Mia notes that the term “syndrome” refers more to one’s mental attitude and spiritual state, than referring to any disease itself. One method Mia recommends for changing one’s attitude is to see and assess oneself objectively, to become aware of the patterns of unhappiness, and gives a guideline for reviewing and writing down one’s thoughts and actions throughout the day, which would enable one to see the negative thoughts and actions throughout the day. Once these are recognized, one must then practice to replace these with more positive thoughts and actions, and Mia admits that this takes time, as doing so takes practice.

Mia notes that unhappy thoughts come from the desire to protect oneself from any hurtful events that have happened in one’s life and also notes that such unhappy thoughts actually wind up repeating the same pattern of hurt throughout one’s life. She notes that the first step in getting out of the rut is to spend less time immersed in negative thoughts, and the second step is to fill one’s mind with positive thoughts and be thankful for all the good that happens to oneself. She also recommends sitting and waiting for the bad times to pass and flow, to help oneself let go of any unhappiness - something which also takes practice.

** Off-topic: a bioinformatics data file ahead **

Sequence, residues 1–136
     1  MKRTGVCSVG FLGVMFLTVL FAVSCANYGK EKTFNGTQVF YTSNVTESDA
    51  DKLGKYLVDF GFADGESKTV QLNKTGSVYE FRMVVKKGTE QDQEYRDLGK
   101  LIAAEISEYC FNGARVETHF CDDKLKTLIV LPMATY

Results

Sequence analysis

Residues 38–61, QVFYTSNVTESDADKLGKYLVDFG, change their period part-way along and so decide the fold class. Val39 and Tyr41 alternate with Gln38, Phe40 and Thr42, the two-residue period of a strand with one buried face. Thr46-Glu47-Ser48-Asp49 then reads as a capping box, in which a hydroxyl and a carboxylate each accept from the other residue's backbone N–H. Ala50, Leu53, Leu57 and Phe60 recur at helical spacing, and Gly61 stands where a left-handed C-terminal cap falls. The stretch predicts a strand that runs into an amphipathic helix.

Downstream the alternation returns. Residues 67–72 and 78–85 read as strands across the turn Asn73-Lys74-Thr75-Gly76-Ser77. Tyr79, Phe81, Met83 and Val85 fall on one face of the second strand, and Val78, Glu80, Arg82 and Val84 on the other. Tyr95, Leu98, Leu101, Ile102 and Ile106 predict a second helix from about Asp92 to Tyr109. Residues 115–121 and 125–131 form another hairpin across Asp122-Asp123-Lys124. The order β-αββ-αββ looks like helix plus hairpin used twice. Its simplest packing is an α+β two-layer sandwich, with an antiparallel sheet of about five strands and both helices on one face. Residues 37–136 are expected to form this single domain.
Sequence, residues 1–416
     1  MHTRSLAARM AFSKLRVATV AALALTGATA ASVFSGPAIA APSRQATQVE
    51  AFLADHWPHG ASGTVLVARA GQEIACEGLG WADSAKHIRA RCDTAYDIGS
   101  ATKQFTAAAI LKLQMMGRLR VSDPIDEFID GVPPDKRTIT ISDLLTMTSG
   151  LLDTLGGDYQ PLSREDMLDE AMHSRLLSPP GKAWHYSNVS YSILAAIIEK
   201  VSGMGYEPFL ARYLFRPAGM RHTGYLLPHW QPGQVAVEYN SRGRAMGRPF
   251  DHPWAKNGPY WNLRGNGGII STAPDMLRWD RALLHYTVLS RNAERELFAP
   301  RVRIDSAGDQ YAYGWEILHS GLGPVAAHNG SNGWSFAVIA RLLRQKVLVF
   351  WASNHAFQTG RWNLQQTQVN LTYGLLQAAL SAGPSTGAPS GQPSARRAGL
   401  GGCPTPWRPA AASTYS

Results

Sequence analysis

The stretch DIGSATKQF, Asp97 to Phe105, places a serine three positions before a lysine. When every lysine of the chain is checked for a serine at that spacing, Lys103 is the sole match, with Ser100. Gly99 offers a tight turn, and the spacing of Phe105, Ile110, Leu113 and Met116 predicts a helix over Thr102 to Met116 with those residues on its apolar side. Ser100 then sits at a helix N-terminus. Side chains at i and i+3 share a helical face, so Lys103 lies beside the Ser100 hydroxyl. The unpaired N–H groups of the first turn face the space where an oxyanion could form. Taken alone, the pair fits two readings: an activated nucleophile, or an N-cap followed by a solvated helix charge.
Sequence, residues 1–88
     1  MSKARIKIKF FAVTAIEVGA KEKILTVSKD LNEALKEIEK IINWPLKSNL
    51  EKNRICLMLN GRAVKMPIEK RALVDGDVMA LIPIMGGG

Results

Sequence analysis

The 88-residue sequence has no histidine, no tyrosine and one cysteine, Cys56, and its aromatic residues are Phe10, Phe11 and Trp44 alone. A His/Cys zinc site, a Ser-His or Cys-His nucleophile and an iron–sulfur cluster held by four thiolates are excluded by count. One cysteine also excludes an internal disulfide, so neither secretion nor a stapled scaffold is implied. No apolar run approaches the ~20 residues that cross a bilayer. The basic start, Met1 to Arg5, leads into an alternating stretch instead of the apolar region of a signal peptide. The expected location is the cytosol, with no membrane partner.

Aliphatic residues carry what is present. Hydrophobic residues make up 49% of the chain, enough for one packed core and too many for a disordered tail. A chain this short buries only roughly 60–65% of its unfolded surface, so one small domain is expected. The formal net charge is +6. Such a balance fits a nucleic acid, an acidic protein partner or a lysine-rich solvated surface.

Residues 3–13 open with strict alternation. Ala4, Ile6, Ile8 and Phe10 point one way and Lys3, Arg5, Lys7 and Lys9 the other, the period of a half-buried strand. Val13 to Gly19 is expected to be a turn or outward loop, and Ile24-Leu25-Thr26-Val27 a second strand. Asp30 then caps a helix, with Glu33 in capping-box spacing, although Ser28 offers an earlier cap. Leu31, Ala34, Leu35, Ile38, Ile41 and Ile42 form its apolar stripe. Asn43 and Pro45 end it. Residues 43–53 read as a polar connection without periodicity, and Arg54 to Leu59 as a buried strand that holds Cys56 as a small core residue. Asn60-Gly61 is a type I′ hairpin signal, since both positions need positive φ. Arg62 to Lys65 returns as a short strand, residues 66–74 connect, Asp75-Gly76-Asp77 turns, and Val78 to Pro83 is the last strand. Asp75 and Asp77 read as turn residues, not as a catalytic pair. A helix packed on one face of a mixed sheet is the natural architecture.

Mia notes that The Unhappiness Syndrome, like other books of Ryuho Okawa, talks about spirituality rather than just deals with self-improvement, and this is what makes the book different from other self-help books. She also recommends that people rediscover their purpose in their life, the one they set for themselves before they were born, she says, to help guide them in achieving happiness.

Purchase from Amazon: The Unhappiness Syndrome: 28 Habits of Unhappy People (and How to Change Them) by Master Ryuho Okawa

Saturday, August 12, 2017

Steve Kardian on Teaching The New Superpower for Women (Trusting Their Intuition, Predicting Dangerous Situations and Defending Themselves from the Unthinkable)

Steve Kardian talks to Alexander “The Engineer” Lim, host of AuthorStory by about his book, The New Superpower for Women: Trust Your Intuition, Predict Dangerous Situations and Defend Yourself from the Unthinkable.

“Educate yourself, empower yourself.” ~Steve Kardian